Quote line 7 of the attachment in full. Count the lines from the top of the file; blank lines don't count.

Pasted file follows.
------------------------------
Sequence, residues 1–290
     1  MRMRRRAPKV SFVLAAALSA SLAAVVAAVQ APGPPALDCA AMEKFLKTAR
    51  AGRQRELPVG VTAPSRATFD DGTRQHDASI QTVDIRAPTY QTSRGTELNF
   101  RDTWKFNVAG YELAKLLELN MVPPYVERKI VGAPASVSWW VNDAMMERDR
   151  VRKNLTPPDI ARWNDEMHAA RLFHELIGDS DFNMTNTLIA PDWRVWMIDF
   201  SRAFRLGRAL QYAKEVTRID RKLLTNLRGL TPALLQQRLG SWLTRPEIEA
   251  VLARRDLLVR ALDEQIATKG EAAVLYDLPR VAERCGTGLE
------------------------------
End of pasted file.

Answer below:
   251  VLARRDLLVR ALDEQIATKG EAAVLYDLPR VAERCGTGLE